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On many sites being software repositories often when I click "download" I am redirected to another page, when there is a countdown (eg. 5 seconds) to download. But I can click "direct link" (in case if "downloading does not work properly").

What is this delay for? Does it have something common with UX? The only reason I can imagine is that I am to be somehow ensured about downloading.

There can of course be some server solution requiring this delay, but usually this direct link works too, so sending the file to download doesn't require some preliminary operations.

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marked as duplicate by JohnGB, Matt Obee, rk., JonW Jun 10 '13 at 14:08

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They ensure you digest their ads. As simple as that... –  Deer Hunter Jun 9 '13 at 21:23
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This might be true, I use Adblock, so haven't noticed. I'm sure I saw this method also on large software companies –  Voitcus Jun 9 '13 at 21:32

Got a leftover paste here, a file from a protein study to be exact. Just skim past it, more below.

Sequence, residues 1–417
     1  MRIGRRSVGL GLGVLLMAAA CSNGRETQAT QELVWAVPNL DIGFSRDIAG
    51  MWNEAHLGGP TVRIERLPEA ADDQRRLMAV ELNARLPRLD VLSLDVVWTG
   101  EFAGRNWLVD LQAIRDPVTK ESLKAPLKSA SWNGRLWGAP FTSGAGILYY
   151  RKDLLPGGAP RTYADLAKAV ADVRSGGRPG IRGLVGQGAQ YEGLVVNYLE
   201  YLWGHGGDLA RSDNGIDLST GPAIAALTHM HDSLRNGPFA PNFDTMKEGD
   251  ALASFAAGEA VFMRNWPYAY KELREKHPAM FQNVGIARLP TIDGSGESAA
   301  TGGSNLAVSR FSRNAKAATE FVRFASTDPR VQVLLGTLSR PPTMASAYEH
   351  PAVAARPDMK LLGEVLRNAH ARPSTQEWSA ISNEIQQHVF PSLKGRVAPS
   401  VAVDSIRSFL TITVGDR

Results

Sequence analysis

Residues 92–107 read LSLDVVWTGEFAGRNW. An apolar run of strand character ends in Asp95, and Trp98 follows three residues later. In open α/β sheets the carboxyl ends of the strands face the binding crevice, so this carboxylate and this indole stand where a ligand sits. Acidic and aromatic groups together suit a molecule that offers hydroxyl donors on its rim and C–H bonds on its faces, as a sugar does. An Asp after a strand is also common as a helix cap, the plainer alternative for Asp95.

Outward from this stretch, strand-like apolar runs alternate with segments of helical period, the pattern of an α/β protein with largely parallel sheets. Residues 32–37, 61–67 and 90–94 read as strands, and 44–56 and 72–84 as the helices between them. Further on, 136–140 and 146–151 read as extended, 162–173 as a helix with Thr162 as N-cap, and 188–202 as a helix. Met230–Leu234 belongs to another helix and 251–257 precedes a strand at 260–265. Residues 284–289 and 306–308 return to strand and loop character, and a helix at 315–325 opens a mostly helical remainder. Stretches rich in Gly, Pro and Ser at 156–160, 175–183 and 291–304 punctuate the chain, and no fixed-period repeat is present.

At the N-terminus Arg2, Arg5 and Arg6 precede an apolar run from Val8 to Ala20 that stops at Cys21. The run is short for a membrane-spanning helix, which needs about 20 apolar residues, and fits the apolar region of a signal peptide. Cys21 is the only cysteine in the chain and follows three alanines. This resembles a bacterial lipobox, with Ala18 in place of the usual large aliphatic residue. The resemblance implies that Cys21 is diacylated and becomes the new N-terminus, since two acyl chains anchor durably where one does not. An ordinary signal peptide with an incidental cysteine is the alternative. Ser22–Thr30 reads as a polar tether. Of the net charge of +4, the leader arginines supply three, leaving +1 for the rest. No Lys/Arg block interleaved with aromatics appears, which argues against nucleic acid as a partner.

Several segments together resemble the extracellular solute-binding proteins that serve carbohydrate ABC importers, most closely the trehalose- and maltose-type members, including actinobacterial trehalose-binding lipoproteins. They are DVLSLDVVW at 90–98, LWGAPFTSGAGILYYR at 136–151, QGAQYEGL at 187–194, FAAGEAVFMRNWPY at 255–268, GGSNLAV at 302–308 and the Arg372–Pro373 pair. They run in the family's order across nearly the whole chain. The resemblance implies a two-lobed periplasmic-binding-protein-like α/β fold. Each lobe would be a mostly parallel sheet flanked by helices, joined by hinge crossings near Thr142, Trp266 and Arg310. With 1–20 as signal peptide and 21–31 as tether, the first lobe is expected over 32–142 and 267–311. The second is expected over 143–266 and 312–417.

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Also a method to limit easy Denial-of-service attacks. –  Deer Hunter Jun 9 '13 at 21:36
    
I'm not sure if this is DoS limitation as usually the direct link works too. Maybe something related to mirror selection? –  Voitcus Jun 10 '13 at 7:10

1 Answer 1

The good UX thinking:

It gives the user a chance to navigate away from the page and 'undo' the download action.

The bad UX thinking:

It stalls the user enough that they are forced to focus on other things on the page. Adverts, related downloads, suggestions, etc.

Like Nielsen points out, anything near or above 10 seconds wait-time, the user loses focus on the task at hand and starts looking for other things.

10 seconds is about the limit for keeping the user's attention focused on the dialogue. For longer delays, users will want to perform other tasks while waiting for the computer to finish, so they should be given feedback indicating when the computer expects to be done. Feedback during the delay is especially important if the response time is likely to be highly variable, since users will then not know what to expect.


Apart from UX considerations, there are security concerns also like Deer Hunter mentioned in the comments, but, I would leave that for Security.SE :)

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